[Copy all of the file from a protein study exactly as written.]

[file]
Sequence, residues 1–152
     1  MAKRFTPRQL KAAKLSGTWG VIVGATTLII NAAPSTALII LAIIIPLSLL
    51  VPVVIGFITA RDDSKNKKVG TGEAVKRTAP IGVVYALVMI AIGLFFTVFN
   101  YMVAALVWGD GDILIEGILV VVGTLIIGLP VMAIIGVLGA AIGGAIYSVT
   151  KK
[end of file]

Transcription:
Sequence, residues 1–152
     1  MAKRFTPRQL KAAKLSGTWG VIVGATTLII NAAPSTALII LAIIIPLSLL
    51  VPVVIGFITA RDDSKNKKVG TGEAVKRTAP IGVVYALVMI AIGLFFTVFN
   101  YMVAALVWGD GDILIEGILV VVGTLIIGLP VMAIIGVLGA AIGGAIYSVT
   151  KK